India remains a ‘long way off’ from a complete turnaround in the corporate investment cycle despite various positive economic indicators, says a Dun & Bradstreet report.
According to the report, after a “fairly long spell” some positive data on the Indian economy with respect to IIP, inflation and easing of environment rules for various projects, has trickled in.
“Despite these developments, we remain a long way away from complete turnaround in India Inc’s investment cycle, and that, inarguably remains the single-biggest challenge confronting the economy,” it said.
It noted that the ongoing unclogging of projects would provide a moderate push to investment, but the meaningful pick-up in the capex cycle “critically hinges on a visible improvement in demand conditions”.
“The fact that capacity utilisation is floundering in sectors such as capital goods and metals is testimony to weak demand environment,” it added.
Additionally, it noted that demand slowdown has affected consumption- driven sectors such as consumer durables, FMCG.
According to D&B the turn around in output of consumer durables in the IIP data “is due to favourable base effect and owes no relevance to revival in consumer demand”.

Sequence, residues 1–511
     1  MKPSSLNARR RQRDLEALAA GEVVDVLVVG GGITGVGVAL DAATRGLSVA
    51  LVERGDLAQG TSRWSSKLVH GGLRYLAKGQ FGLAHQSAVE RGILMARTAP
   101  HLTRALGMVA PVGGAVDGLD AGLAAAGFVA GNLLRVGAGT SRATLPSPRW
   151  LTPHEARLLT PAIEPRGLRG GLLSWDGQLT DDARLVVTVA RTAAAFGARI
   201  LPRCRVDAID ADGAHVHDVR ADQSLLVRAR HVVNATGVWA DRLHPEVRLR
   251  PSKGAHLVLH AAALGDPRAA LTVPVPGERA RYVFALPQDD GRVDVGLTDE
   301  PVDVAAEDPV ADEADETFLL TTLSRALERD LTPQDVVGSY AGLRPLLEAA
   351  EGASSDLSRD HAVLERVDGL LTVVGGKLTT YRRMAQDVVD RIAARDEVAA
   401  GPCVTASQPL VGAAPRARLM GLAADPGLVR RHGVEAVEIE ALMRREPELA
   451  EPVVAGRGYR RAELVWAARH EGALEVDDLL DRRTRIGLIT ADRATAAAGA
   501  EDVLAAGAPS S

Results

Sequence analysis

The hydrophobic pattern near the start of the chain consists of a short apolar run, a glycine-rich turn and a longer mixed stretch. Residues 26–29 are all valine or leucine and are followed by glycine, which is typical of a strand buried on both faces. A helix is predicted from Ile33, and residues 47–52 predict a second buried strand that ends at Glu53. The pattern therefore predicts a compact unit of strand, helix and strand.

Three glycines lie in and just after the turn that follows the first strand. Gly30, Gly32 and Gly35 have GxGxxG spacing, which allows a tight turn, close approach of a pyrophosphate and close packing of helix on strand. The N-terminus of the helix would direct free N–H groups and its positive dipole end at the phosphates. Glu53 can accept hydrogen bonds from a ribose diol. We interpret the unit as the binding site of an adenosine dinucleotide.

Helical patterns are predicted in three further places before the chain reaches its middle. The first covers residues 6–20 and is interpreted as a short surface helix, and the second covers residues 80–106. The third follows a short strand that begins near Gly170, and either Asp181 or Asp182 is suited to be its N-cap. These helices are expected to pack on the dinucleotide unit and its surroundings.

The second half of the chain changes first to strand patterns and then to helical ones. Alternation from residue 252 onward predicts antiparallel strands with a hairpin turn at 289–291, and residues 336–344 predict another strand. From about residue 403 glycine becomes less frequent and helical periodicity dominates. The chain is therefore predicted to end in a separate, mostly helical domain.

Noting that lower food and fuel prices are likely to provide a fillip to private consumption in the coming quarters, the report said “extant capacities in most sectors is more than sufficient to satisfy emerging demand and therefore it is unlikely that private consumption growth would result in a broad-based pick-up in the capex cycle”.
“This in turn explains the reluctance displayed by India Inc in undertaking fresh investments,” the report said adding that devaluation of the Chinese yuan have added to the woes.
“The sudden move on the part of China to devalue its currency would impact the competitiveness of Indian exports, which is already reeling under sluggish growth due to recessionary conditions in global markets,” D&B said.
The report said that lower interest rate, can effectively bring about a turnaround in investment.
It observed that the government needs to accelerate structural reforms to unclog supply-side constraints as well as clear the GST and land acquisition bills which are “critical to revive long-term growth prospects”.